Many parents understand that their children are trying to adapt to major changes after a divorce, but they may not realize how significantly the divorce has affected them. Some children will feel significant grief over the divorce. Others will be stressed and anxious about the changes that have been made. Others may become hypervigilant about being on time or sticking close with their parents during visitation days.
At any age, it is a shock to the system to deal with a divorce. The reality is that divorce is rarely simple, and there will be some amount of hardship for children and their parents alike. What can you do to help? Here are three ideas.
Become a source of reassurance
The first thing you can do is focus on becoming a source of reassurance for your child. That means saying what you mean and doing what you say on time, every time. Help them see that changes have happened, but you’re still consistent.
Start listening to their concerns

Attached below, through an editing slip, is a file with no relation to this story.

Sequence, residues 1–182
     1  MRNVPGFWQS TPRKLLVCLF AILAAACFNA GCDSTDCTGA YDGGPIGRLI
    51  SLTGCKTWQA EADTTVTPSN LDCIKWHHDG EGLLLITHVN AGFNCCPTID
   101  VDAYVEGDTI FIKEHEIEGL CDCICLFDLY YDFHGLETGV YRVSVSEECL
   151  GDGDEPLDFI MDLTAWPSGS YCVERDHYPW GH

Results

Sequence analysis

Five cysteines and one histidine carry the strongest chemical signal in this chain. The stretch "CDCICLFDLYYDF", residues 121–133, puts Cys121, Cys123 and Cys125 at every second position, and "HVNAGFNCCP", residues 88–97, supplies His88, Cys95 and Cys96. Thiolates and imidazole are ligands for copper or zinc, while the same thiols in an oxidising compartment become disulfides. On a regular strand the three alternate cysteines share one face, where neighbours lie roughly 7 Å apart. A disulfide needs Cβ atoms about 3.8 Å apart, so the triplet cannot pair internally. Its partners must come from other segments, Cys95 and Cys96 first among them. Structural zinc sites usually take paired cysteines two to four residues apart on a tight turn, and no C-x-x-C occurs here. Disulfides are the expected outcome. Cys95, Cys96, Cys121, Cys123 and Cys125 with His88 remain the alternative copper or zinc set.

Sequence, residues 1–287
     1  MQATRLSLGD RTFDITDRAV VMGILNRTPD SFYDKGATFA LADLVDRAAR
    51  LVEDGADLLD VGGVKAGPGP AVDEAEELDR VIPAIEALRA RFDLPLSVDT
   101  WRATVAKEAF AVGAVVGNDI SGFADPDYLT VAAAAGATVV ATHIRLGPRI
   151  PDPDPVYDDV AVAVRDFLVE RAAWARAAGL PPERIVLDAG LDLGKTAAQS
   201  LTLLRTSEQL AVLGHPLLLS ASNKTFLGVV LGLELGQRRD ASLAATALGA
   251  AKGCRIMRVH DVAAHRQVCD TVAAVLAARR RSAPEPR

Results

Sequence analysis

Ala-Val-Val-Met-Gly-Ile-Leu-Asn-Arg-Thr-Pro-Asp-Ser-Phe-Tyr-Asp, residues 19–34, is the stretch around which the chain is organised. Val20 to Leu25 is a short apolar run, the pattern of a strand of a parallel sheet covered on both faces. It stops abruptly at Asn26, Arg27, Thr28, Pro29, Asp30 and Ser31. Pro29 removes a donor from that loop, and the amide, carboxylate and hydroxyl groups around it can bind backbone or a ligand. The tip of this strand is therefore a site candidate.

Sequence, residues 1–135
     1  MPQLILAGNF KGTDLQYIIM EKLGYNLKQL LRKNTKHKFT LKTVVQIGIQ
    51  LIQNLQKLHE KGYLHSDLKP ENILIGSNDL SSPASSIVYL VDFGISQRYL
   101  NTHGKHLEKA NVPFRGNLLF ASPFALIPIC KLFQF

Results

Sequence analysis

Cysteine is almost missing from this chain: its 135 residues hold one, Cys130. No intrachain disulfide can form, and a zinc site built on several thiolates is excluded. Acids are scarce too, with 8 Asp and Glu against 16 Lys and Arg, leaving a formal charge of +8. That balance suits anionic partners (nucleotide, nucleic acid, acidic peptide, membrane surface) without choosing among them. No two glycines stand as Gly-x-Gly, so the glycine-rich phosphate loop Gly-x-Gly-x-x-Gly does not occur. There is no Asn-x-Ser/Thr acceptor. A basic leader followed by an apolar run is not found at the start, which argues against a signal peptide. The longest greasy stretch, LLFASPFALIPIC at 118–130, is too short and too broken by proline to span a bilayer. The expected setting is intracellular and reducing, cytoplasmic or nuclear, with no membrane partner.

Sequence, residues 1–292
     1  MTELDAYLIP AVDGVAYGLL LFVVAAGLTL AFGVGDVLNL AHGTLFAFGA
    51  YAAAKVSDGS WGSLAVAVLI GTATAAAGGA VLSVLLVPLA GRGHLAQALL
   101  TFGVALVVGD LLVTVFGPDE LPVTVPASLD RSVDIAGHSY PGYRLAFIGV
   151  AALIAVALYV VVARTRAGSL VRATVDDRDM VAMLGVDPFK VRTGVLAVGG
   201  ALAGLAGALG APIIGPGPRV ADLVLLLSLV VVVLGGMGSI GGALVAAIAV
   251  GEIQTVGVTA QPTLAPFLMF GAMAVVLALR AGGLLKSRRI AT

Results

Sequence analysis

If you haven’t really sat down to listen to your child’s concerns, it’s time to do so. Sit down and just listen to what they have to say without judgment. Are they worried about not getting to the other parent’s house on time? Do they worry about not seeing friends regularly? Are they upset that they don’t have a toy at both households that they love? Find out the core issues, so you can begin to address them.
Consider speaking with a therapist
Finally, consider speaking with a therapist. Children’s therapists can help your child work through anger, grief and other emotions, so they can begin feeling like themselves again.
These are three good tips for helping your child after divorce. It may take time for them to adjust, but they can with the right support.